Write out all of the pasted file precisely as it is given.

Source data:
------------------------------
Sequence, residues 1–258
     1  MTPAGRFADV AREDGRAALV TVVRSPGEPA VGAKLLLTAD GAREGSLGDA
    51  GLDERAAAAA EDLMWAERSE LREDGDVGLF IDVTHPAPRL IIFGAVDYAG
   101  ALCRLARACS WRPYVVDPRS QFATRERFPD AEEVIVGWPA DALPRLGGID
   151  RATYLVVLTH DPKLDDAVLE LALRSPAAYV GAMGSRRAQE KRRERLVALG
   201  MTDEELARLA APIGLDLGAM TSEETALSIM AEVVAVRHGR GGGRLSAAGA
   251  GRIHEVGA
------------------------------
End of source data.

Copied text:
Sequence, residues 1–258
     1  MTPAGRFADV AREDGRAALV TVVRSPGEPA VGAKLLLTAD GAREGSLGDA
    51  GLDERAAAAA EDLMWAERSE LREDGDVGLF IDVTHPAPRL IIFGAVDYAG
   101  ALCRLARACS WRPYVVDPRS QFATRERFPD AEEVIVGWPA DALPRLGGID
   151  RATYLVVLTH DPKLDDAVLE LALRSPAAYV GAMGSRRAQE KRRERLVALG
   201  MTDEELARLA APIGLDLGAM TSEETALSIM AEVVAVRHGR GGGRLSAAGA
   251  GRIHEVGA